2021 | Edition 2
We’re delighted to be ushering in spring and nearing summer. It’s always refreshing to start seeing the colors of flowers and trees coming back to life. The longer days seem to provide a feeling that we can get more out of a day.
It’s also an exciting time of year for us because SHC turns 34 this month. We’re very proud of how far we’ve come since 1987 and thankful to have you as part of the SHC family as we continue to serve our community.
Before long it will be May, which happens to be Older Americans Month. As a company dedicated to improving the lives of seniors, we celebrate older Americans every month, but we encourage everyone to do a little extra celebrating in May and give thanks to the joy and wisdom that older Americans bring into our lives.
Speaking of May celebrations, we would like to wish an early Happy Mother’s Day to everyone. Many of our clients and caregivers are mothers and we hope everyone is able to celebrate with their loved ones.
Around the office, we’re all still glowing in the excitement of our recent honor of being named a Best of Home Care® Leader in Excellence once again. We covered the award quite thoroughly in our last newsletter. If you missed it, we encourage you to check it out in the resources tab of our website.
April is Stress Awareness Month: Tips to Help You Cope
Stress Awareness Month has been recognized every April since 1992, but this year it seems particularly important. Learning to cope with our stress and find healthy ways to deal with situations can go a long way in living a healthy and positive life.
Long term stress can be more than just a mental issue. From headaches to stomach disorders to depression – even serious issues like stroke and heart disease can come as a result of stress.
When you are in a stressful situation, specific stress hormones rush into your bloodstream leading to an increase in heart rate, blood pressure and glucose levels. This is helpful in emergency situations, but having this “rush” for extended periods of time can be dangerous and make you susceptible to the issues mentioned previously.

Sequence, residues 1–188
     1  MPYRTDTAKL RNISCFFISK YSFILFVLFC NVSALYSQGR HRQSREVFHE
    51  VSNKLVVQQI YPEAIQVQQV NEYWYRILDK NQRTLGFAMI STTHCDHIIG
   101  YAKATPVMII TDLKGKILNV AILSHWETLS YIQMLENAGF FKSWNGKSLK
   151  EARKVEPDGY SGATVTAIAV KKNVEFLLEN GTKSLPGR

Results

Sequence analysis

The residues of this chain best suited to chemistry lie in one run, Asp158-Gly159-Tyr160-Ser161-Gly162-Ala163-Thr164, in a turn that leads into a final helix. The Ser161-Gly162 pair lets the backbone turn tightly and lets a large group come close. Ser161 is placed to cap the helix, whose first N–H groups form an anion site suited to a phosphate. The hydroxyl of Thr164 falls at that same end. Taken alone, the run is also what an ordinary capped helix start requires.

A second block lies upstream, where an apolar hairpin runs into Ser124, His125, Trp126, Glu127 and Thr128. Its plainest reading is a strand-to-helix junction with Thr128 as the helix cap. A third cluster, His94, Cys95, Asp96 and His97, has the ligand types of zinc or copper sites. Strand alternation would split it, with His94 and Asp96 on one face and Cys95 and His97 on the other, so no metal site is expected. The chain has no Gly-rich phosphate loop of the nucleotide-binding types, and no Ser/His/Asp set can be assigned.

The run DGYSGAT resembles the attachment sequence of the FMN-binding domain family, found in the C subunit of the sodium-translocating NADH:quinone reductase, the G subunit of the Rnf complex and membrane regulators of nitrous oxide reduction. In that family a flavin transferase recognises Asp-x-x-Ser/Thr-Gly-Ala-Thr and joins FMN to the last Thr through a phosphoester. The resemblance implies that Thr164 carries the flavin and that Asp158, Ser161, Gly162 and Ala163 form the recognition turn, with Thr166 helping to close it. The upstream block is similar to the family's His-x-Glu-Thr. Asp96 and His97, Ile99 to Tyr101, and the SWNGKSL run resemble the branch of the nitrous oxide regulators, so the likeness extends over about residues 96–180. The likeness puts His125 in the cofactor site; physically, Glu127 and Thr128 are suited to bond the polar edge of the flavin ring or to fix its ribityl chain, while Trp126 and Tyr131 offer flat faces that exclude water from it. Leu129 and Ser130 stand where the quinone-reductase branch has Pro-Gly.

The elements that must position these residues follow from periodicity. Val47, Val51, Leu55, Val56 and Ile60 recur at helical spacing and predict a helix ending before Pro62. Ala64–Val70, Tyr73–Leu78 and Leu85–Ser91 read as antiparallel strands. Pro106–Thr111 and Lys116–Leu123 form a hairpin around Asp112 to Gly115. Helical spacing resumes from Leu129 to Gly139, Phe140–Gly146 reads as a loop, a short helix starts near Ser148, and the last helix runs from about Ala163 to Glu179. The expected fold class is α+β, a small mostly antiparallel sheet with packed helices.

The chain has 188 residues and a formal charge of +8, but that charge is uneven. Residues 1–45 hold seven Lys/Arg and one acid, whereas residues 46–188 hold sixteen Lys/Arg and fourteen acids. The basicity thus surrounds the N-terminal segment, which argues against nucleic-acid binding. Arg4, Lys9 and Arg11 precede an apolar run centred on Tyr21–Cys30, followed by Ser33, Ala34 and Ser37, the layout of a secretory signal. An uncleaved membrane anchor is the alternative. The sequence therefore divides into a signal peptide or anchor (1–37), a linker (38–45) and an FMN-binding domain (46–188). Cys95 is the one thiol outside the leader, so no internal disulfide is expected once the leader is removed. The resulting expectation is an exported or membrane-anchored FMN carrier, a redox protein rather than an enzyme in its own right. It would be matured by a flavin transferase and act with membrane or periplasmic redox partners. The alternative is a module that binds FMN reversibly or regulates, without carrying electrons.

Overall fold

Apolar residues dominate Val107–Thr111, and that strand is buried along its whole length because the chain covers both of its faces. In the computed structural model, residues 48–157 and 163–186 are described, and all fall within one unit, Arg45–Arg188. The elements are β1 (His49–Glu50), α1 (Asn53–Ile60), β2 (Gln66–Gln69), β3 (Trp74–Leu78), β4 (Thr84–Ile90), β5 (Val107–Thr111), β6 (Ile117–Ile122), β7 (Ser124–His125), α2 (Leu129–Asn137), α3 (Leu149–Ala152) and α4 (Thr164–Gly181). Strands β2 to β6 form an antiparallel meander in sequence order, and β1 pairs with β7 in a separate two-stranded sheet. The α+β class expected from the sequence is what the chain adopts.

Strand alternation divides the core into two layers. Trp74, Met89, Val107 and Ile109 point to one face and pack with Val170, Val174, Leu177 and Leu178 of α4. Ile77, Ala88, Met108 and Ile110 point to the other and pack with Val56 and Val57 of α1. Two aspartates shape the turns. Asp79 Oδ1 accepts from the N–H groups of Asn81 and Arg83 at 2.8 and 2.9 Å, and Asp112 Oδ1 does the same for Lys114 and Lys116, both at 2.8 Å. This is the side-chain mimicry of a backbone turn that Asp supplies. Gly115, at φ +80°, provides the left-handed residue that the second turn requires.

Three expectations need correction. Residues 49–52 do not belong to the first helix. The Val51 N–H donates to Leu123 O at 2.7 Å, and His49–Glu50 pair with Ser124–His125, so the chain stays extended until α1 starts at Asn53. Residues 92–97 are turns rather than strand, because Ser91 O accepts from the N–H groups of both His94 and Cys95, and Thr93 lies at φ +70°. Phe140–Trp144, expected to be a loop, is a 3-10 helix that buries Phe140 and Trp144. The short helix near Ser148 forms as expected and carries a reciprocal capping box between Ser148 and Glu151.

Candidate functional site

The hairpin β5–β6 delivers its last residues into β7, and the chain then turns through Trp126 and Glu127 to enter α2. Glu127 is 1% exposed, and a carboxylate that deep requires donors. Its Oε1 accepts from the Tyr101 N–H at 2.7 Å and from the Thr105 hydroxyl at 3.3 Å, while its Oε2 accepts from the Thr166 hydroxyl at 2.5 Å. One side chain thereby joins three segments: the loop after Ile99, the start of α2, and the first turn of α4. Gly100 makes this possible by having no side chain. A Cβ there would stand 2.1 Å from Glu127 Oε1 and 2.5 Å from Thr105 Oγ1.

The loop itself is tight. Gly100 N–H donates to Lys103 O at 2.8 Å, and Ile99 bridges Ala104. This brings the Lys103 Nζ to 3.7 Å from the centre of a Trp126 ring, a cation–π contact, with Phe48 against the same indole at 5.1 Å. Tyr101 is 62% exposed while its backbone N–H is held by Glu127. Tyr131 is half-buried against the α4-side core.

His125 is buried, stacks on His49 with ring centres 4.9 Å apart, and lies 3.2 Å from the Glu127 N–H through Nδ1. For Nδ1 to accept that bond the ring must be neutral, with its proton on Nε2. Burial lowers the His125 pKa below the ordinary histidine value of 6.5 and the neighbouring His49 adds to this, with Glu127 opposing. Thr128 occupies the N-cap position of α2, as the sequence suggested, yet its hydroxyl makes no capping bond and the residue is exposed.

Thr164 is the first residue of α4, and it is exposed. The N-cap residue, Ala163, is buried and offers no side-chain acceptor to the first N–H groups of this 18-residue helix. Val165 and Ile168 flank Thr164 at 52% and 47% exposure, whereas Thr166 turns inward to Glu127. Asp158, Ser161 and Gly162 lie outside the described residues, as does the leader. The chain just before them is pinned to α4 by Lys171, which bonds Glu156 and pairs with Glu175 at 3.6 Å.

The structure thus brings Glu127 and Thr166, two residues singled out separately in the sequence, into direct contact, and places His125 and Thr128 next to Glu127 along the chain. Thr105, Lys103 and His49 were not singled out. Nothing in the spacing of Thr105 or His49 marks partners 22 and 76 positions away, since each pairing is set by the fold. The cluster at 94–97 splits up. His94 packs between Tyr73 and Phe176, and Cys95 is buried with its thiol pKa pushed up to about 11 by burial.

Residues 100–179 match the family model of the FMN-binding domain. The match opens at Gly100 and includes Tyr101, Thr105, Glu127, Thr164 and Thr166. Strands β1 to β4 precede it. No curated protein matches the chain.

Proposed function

Learn to overcome issues you cannot change
Sometimes the stress in our lives is not something we have any power to change – it is during these times that Federal Occupational Health recommends you change your approach to situations. Try to…
- Recognize when you don’t have control, and let it go.
- Avoid getting anxious about situations that you cannot change.
- Take control of your reactions and focus your mind on something that makes you feel calm and in control.
- Develop a vision for healthy living, wellness, and personal growth, and set realistic goals to help you realize your vision.
Tips for coping with your stress
The CDC provides some basic ideas to help you cope with stress…
- Take care of yourself – eat healthy, exercise regularly, get plenty of sleep, and give yourself a break if you feel stressed.
- Discuss your problems with a family member, friend or another trusted source.
- Avoid drugs and alcohol.
- Recognize when you need more help – know when to talk to a psychologist, social worker or counselor if things continue.
Source: Williams Integracare Clinic
May is Stroke Awareness Month. Strokes are a medical emergency, and every second counts, because time lost is brain lost.
Over the years, we have seen numerous instances of SHC Caregivers saving the day by acting quickly and dialing 911 upon noticing the signs of a client having a stroke.
Know these stroke warning signs and share them with others:
- Sudden numbness or weakness of the face, arm or leg, especially on one side of the body.
- Sudden confusion, trouble speaking or understanding.
- Sudden trouble seeing in one or both eyes.
- Sudden trouble walking, dizziness, loss of balance or coordination.
- Sudden, severe headache with no known cause.
If you or someone with you has one or more of these signs, don’t delay! Call 911 or the emergency medical services (EMS) number immediately. Also, check the time so you’ll know when the first symptoms appeared. It’s important to take immediate action. If given within three hours of the start of symptoms, a clot-busting drug can reduce long-term disability for the most common type of stroke.